sex, lies, and videotape was one of those movies that created an incredible amount of buzz when it was first released back in 1989. Some of the buzz stemmed from the subject matter, yes, but most of it came from the fact that this was an independent film (produced for a mere $1.2 million) that went on to earn about $24 million at the U.S. box office. That kind of return for an indie was unheard of back then, and paved the way for a flood of similar independent efforts in the 1990s.
The film is also notable for having launched the careers of three of its leads, as well as of director Steven Soderbergh. This aspect was the most attractive to me, as I was particularly interested in seeing sex, lies, and videotape to get a glimpse of a young James Spader (Boston Legal), Peter Gallagher (The O.C.), and Andie MacDowell. Unfortunately, nothing about the film resonated with me, so just seeing younger versions of these current stars was the only benefit I derived from the viewing.
Plot summary (with possible spoilers): MacDowell stars as Ann Bishop Mullany, a woman stuck in a loveless, sexless marriage with John (played by Gallagher). Ann suspects that John is cheating on her, but he denies it even when she confronts him point-blank and tells him it would be far better for her to know now than to find out later.
The truth of the matter is that yes, John is indeed having an affair — with Ann’s sister Cynthia (Laura San Giacomo). He frequently cancels meetings with clients in order to have midday romps with Cynthia, usually at her house, but sometimes at his.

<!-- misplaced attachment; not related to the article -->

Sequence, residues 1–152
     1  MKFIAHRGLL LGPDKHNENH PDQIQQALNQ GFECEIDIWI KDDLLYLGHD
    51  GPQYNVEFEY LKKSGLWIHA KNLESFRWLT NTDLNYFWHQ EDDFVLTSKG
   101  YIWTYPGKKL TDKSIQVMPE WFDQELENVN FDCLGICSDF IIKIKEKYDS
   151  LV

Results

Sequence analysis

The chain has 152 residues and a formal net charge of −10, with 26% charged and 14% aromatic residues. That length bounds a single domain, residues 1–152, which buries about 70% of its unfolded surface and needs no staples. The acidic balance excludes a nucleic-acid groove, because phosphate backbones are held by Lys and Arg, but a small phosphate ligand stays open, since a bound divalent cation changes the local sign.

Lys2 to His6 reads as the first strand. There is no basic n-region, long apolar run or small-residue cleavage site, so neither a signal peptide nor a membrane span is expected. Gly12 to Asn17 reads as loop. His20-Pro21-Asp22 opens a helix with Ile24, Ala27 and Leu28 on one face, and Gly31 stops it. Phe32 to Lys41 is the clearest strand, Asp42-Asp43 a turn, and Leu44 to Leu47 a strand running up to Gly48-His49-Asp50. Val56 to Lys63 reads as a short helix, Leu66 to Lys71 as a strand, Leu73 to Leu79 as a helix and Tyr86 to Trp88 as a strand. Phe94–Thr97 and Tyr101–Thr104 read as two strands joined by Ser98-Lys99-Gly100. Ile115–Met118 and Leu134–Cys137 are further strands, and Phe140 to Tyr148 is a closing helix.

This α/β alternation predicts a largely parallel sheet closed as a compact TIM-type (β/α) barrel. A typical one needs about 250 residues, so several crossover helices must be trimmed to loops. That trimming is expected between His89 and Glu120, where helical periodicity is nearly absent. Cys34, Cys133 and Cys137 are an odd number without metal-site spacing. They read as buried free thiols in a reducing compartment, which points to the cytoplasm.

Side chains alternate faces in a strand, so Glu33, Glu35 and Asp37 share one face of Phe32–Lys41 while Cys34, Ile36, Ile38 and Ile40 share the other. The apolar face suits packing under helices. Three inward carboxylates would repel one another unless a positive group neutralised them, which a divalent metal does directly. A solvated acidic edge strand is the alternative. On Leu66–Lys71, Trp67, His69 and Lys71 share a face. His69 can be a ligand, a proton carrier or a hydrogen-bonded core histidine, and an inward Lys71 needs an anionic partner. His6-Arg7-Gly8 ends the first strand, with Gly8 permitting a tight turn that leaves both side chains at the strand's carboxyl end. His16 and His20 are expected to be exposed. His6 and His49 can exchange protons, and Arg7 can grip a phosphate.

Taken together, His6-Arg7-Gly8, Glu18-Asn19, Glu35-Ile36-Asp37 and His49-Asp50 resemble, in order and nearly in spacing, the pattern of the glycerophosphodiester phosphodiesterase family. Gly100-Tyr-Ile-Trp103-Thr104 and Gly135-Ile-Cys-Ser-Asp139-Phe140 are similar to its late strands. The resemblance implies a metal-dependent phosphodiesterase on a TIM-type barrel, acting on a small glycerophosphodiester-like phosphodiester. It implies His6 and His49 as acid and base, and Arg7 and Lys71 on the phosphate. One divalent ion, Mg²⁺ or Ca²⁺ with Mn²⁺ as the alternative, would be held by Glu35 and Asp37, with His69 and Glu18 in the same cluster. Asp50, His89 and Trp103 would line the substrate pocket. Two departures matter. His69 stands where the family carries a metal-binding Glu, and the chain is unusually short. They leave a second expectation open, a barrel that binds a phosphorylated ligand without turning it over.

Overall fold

Things start to change when John invites his old college roommate Graham (Spader) to stay at his house for a few days. Ann at first opposes this because she wasn’t consulted in the matter, but after meeting Graham, she relents. Graham is not at all what Ann expected a friend of John’s to be. He’s far more cerebral and mysterious than John is, and Ann soon finds herself attracted to him.
As Ann and Graham spend time together, they talk frankly about a wide range of subjects, including sex. Ann learns that Graham has a collection of tapes on which a bunch of different women open up to him about their sex lives. Watching these tapes by himself is the only way he finds sexual release, since he can’t perform with another person.
Ann finds herself thinking of Graham almost constantly, and as the film progresses, we see her trying to come to terms with the situation. She finds out about John and Cynthia, records an interview for Graham, decides to leave John, and ultimately ends up with Graham in what looks to be the beginning of a promising relationship.
My Reaction: It’s always hard for me to look back at so-called groundbreaking films and appreciate their originality, especially when nearly 20 years has passed since the initial release. That was certainly the case here with sex, lies, and videotape, as I was mostly bored throughout the whole thing and couldn’t figure out what the big deal was. Perhaps this was new and unusual stuff in 1989, but today it just plays out as dull and uninspired.
I was disappointed with all the endless “talking head” scenes in this film, and found myself mostly waiting for something to happen. Moreover, I wasn’t even all that impressed with the three lead actors, not even Spader, whom I almost always love. He came off as little more than a whiny weirdo here and was supremely annoying. Hard to believe he won Best Actor at Cannes for this performance. Andie MacDowell was bland as well, and there was zero chemistry between her and Spader. Gallagher did a little better as the jerk husband, but that surely wasn’t enough to salvage the film.
Obviously my opinion about sex, lies, and videotape is in the minority since it has generally been praised to the heavens by critics and audiences. I don’t care, though. I thought this was a tiresome chore to sit through, and I give it just 2 stars out of 5.